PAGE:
As many attorneys predicted, several judges have decided that the doctrine of primary jurisdiction applies to such cases, concluding that it would be unwise for courts to make local determinations now as the relevant federal agency (the FDA) is actively exploring a regulatory path forward for ingestible CBD products.
In a May 22 order staying one such case vs PlusCBD oil maker CV Sciences (which was accused of selling ‘illegal’ CBD-infused products) Virginia A. Phillips, chief judge of the US District Court for the Central District of California, noted that regardless of what it says in warning letters, “the fact remains that the FDA has not formally established its position.”
She added: “The number of CBD class actions currently pending in the federal district courts makes clear the danger of inconsistent adjudications. Congress has committed regulation of CBD products to the FDA and expects the agency to publish guidance as soon as possible…Accordingly, the case will be stayed until the FDA completes its rulemaking regarding the marketing, including labelling, of CBD ingestible products.
“The Court dismisses plaintiff’s request for declaratory relief and stays the remaining causes of action.”
Judge: ‘The case will be stayed until the FDA completes its rulemaking’
A similar case vs Green Roads of Florida was also stayed in January with the judge noting that the FDA is “actively considering” how to regulate the CBD marketplace; while lawsuits vs Charlotte’s Web and Elixinol were voluntarily dismissed by the plaintiffs on March 20 and May 7, respectively. A lawsuit vs Infinite Product Co is still progressing through the courts, meanwhile.
While some defendants have argued that their full or broad spectrum hemp extracts are legal dietary ingredients because they are a different article to the isolated CBD used in drug trials (a case recently made by Diamond CBD and something CV Sciences execs have argued in other settings) this legal theory has not yet been tested in the courts.
“The FDA is under considerable pressure from Congress and the industry to expedite the publication of regulations and policy guidance regarding CBD products.” Virginia A. Phillips, chief judge, US District Court, Central District of California
So where does this leave CBD brands?
Between a rock and a hard place, according to Justin Singer, founder and CEO at CBD brand Caliper Foods, who says brands are stuck in legal limbo thanks to the FDA’s equivocation.
While some commentators argue that brands who dived into the market before regulations were in place only have themselves to blame if they are hit with lawsuits, Singer says the FDA’s decision to send out warning letters to firms making egregious health claims, but not to engage in widespread enforcement action, had sent out mixed messages and left the industry in a state of “purgatory.”
Right now, for example, most major retailers will not carry CBD-infused food & beverages until the FDA lays out a regulatory framework for these products. The FDA, meanwhile, says adding CBD to foods or supplements and introducing them to interstate commerce is not legal, but at the same time FDA commissioner Dr Stephen Hahn says trying to shut the market down would be a “fool’s game.”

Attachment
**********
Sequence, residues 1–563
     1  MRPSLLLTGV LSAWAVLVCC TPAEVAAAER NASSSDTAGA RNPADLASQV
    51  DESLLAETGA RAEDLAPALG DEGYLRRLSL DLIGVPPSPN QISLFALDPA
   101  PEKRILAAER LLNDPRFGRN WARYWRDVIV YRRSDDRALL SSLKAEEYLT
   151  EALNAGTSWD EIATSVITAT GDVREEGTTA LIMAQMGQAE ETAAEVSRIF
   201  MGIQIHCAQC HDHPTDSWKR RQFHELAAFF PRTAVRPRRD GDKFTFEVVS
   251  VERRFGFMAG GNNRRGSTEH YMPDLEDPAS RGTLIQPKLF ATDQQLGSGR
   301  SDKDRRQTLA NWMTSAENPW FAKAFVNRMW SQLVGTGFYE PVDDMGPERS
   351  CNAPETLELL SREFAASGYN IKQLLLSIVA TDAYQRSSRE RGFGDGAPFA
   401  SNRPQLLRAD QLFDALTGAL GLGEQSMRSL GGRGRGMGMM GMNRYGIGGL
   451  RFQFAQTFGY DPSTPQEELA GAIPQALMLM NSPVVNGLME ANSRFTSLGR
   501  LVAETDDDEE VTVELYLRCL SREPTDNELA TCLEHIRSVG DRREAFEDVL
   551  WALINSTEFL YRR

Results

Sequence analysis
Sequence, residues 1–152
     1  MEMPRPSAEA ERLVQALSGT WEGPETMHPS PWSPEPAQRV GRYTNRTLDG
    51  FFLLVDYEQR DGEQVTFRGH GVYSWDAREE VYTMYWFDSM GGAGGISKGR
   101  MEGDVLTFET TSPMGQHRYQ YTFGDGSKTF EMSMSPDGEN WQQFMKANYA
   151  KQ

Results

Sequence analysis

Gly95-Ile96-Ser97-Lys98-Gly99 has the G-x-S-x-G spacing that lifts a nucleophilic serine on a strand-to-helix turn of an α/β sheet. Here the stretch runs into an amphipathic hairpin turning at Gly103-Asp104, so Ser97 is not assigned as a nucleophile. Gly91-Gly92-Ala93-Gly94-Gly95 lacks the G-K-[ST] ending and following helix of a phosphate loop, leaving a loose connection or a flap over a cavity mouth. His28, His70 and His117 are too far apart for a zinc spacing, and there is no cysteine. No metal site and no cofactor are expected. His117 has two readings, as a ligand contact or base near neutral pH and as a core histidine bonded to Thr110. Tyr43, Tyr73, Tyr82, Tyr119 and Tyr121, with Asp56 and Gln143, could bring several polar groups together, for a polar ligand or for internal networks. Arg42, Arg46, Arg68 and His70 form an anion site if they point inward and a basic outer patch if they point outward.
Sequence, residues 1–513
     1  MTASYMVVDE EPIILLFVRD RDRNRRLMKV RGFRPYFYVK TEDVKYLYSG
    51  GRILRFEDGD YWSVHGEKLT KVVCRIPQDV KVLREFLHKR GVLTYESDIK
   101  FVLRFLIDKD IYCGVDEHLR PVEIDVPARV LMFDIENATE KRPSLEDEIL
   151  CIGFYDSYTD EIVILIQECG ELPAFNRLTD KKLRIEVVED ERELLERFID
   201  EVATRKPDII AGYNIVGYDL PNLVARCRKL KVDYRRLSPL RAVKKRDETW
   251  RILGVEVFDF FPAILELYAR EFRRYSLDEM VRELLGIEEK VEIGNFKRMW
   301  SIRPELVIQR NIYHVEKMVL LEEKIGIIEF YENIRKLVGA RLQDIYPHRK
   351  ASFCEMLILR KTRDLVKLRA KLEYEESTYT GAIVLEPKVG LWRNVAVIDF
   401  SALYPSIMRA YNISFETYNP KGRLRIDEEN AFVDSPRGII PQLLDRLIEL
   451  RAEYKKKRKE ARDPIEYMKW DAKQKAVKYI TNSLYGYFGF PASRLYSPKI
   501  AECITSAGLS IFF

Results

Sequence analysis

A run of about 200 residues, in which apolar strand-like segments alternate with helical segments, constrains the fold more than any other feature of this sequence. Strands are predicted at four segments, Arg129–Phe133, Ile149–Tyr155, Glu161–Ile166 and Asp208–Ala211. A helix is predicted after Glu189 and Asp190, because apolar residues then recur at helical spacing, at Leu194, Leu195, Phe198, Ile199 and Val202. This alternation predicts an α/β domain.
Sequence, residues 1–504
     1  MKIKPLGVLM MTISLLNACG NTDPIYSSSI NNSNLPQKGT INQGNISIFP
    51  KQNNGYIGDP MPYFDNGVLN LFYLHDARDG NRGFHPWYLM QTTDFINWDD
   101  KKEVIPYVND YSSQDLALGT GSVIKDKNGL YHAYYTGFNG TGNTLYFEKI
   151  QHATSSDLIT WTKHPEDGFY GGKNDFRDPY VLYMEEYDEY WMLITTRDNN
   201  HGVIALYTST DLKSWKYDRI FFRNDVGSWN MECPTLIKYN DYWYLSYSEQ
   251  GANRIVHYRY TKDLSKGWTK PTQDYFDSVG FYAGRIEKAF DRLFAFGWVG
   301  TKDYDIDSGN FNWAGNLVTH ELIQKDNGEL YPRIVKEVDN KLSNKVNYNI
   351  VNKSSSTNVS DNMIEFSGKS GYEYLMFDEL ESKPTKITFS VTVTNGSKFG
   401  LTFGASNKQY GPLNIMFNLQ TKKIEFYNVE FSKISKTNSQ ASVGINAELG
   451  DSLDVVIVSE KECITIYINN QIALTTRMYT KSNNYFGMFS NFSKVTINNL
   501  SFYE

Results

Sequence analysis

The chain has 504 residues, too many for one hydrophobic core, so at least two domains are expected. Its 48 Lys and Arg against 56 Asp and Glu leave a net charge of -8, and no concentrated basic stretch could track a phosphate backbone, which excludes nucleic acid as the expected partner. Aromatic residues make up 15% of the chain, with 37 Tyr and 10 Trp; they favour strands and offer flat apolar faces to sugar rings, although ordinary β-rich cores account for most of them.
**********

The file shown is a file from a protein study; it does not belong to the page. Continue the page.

Attorney: The CBD market is likely not a priority for the FDA right now
Brands waiting for the FDA to weigh in may be waiting for some time, however, as CBD is likely not top of the agency’s priority list right now as it attempts to deal with a global pandemic, Eversheds Sutherland partner Greg Kaufman told us earlier this month.
“I’m not sure there is much bandwidth or motivation to tackle the regulation of cannabinoids right now. The CBD market is just not a priority and will likely remain in its current state for some time.”
Speaking at our ‘Where next for hemp and CBD?’ webinar last week, Kaufman added: “What we’ve heard from the FDA back in March is that they are still looking for data on safety; unfortunately a lot of what progress was being made has been stymied by COVID-19.
“At the beginning of the year they announced a public meeting to be held May 31, and that never made it onto the calendar. They do have a Congressional mandate to produce a report on adulteration and contamination in sampling of CBD products and that’s due June 17, but I suspect it will be delayed.”
*The cases are: Michelene Colette et al vs CV Sciences Inc- 2:19-cv-10227; McCarthy v. Charlotte’s Web Holdings, Inc., N.D. Cal., No. 5:19-cv-07836, filed 11/30/19. Dasilva v. Infinite Product Co., C.D. Cal., No. 2:19-cv-10148, filed 11/27/19; Snyder et al v Green Roads of Florida LLC 0:19-cv-62342.
“…Ultimately brands are going to win in this market; the biggest caffeine companies in the world don’t market caffeine, they market Starbucks or Red Bull or Coca Cola, they market the feeling and the use case…” Ben Witte, founder and CEO, Recess
Missed our ‘Where next for hemp and CBD?’ webinar? Get the highlights HERE.